5 Steps To Managing Business Debt

By Jerry Silberman

CEO and Founder of Corporate Turnaround

With the economy in turmoil and millions of people losing their jobs, small businesses are feeling the brunt of the blow. Business closings have reached epidemic proportions. While there’s no way to protect your business from every storm, many businesses can spare themselves from undue stress by responding faster to the unforeseen problems we all face in the months ahead. To quote Benjamin Franklin: “An ounce of prevention is worth a pound of cure.”

1. Monitor your cash flow – Cash flow is not the same as profit. Your business may be profitable, yet you can still face a serious cash flow problem. Cash flow is the cycle going in and out of your company. You should be able to know at all times how much cash you have on hand and what the business needs to operate.

2. Collect what’s owed to you – Slow-paying customers can be a big part of a cash flow problem. Collecting from them can eat up your time and efforts that could better be spent making sales and growing your business. That is where a collection agency can truly help you.

3. Eliminate or reduce expenses – This is a tough, but necessary step, if your business is going to weather this economy. Here are some areas to look at:

¨ Negotiate lower prices with your existing vendors – First do your research. Find out who else offers the products and services you need. You’ll be surprised to find how many companies are willing to lower their prices to gain a new customer. This will provide you the leverage you need to stay with your current vendors. If they refuse, you’ll have found vendors that will sell to you for less.

¨ Purge excess inventory – Right now, you need cash. Spend the time boxing up and returning anything you don’t need or can’t sell.

¨ Stop using your credit cards wherever possible

– unless you have an extremely low interest rate and are carrying a low balance, every credit card you carry could spell trouble for you if you fall behind in payments.

¨ Pay yourself less – When you’re facing tough debts, you probably want to take more money out of the company and put it aside. Fight that temptation.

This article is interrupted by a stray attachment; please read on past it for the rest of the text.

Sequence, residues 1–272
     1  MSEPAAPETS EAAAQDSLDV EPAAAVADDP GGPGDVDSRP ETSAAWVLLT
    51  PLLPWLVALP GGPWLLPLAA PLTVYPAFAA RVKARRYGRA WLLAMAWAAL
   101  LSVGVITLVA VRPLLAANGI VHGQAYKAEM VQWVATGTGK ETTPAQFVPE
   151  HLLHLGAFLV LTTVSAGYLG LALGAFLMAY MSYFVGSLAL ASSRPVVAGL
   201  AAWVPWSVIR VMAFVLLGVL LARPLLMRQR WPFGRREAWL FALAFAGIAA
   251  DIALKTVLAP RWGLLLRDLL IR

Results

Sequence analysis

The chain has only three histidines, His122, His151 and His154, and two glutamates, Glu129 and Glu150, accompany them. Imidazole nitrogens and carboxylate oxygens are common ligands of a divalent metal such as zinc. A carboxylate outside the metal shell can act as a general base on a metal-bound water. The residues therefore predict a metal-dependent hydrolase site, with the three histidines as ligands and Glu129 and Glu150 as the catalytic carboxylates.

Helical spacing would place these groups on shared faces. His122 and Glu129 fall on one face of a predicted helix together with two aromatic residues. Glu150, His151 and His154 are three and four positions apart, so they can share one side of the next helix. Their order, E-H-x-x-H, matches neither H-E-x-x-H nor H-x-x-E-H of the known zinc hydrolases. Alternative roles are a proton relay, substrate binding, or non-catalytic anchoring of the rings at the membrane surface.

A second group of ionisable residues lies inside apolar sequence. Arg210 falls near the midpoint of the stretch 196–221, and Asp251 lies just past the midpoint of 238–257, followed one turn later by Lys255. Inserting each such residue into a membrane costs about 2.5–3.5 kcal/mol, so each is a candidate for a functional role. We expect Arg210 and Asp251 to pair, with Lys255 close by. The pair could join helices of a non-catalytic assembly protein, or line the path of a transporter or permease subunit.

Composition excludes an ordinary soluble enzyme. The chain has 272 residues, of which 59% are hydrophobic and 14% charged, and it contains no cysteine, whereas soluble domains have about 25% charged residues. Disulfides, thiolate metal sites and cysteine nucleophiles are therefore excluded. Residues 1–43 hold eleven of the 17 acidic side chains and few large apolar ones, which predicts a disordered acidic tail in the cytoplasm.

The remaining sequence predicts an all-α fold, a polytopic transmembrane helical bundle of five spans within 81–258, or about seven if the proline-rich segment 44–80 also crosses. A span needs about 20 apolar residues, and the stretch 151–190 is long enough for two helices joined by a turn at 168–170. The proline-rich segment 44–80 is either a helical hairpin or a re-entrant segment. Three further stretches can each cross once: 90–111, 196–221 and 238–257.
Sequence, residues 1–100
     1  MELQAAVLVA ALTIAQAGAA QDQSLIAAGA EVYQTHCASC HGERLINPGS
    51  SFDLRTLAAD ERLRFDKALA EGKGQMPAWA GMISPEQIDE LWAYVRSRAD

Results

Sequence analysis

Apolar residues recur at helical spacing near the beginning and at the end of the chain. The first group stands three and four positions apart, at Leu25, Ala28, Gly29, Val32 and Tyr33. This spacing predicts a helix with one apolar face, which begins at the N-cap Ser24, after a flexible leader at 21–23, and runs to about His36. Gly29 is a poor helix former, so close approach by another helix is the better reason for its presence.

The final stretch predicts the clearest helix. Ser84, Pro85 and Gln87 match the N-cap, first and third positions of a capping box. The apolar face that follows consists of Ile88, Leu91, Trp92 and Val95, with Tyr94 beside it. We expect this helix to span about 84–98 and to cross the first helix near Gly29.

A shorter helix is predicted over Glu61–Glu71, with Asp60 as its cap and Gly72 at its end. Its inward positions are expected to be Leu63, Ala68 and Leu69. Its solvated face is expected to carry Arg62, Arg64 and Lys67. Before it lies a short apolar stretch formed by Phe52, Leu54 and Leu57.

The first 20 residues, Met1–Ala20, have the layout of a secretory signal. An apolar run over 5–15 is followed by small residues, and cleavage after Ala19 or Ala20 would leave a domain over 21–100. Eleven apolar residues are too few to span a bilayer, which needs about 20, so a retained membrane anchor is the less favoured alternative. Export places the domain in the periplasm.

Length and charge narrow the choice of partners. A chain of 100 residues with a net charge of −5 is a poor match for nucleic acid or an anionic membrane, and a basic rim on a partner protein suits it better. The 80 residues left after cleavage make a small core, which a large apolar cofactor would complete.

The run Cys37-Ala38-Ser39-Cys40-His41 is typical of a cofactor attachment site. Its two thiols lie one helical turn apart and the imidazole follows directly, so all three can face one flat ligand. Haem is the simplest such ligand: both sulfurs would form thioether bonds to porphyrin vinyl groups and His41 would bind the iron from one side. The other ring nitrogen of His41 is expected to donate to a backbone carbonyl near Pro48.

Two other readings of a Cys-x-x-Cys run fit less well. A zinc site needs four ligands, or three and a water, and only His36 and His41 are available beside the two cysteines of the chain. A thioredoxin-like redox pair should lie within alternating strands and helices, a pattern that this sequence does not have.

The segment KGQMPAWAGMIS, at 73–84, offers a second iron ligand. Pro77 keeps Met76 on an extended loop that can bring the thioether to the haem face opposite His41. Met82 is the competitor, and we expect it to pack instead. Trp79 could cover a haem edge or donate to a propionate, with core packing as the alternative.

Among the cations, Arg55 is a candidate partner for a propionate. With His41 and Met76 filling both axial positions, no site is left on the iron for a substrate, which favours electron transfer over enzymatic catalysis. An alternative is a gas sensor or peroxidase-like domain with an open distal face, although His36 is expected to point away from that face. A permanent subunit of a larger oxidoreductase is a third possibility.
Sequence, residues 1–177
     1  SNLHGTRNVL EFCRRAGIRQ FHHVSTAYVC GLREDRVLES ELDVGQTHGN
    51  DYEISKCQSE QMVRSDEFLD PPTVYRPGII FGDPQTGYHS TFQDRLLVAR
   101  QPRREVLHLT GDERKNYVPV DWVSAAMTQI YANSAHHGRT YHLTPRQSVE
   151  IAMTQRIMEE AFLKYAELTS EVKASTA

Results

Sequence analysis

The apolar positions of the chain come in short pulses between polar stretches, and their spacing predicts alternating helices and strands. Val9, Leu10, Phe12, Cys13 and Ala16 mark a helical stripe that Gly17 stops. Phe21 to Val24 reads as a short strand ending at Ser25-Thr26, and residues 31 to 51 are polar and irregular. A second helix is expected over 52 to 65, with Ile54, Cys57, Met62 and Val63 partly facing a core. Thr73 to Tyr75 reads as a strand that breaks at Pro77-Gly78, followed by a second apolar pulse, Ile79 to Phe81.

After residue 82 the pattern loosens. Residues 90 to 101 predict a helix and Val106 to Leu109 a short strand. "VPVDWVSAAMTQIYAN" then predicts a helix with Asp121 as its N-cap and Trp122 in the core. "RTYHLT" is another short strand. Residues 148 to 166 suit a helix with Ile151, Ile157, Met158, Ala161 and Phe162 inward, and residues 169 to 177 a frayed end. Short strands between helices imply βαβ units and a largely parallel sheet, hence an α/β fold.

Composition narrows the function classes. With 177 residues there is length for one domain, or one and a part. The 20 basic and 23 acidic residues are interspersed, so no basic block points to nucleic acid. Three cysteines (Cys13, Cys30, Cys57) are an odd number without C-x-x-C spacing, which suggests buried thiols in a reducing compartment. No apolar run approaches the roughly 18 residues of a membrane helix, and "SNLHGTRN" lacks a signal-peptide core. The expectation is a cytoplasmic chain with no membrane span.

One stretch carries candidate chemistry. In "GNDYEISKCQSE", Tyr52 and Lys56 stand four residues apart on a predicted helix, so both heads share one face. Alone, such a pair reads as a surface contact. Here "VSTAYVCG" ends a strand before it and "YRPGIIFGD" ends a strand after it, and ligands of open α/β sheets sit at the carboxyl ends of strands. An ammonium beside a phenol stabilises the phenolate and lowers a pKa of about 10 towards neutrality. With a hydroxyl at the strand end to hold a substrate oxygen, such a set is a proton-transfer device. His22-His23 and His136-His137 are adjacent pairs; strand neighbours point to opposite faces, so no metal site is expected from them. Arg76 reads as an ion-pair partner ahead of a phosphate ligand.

¨ Cut back benefits – As much as it may hurt, you need to ask your employees for higher contributions for health insurance or phase it out altogether.

¨ Cut back hours for your employees – You may need to work more hours to save more money. This could enable you to avoid laying off any of your employees. Relocate to a cheaper location – With a glut of unoccupied commercial real estate turning some areas into ghost towns, you should be able to find cheaper space nearby.

¨ Let some or all your employees go – As a last resort, letting employees go may be necessary for the business to survive.

4. Raise your prices now – Most small business owners undercharge for their services. Many are convinced it’s impossible to succeed unless they keep their prices low. But the days of undercutting everyone and turning your product or service into a commodity are over. Circuit City learned that lesson the hard way. Here’s the cold fact – it doesn’t matter how much you make. It matters how much you keep. If you have razor-thin margins, it’s time to change immediately. Just charging 10% more could make all the difference in the world. Test different prices. Look at other companies who are charging more for the same product or service.

5. Work your customer list – We’ve worked with thousands of struggling businesses. Here are some common traits: many don’t have a customer list; they barely market to their customers and when they do, they have no way of measuring the response. The worst part is, they have no idea which customers are profitable and which ones have stopped buying. If you don’t have a customer list, create one today.

I hope these tips help you through these tough times.

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About The Author: Scott Letourneau is the CEO of Fast Business Credit, Inc. When it comes to securing cash and vendor lines of credit and avoiding costly mistakes his company is the authority. For further assistance regarding the development of business credit go to http://www.FastBusinessCredit.com or call FBC at 1-888-313-6333 or 702-977-5246.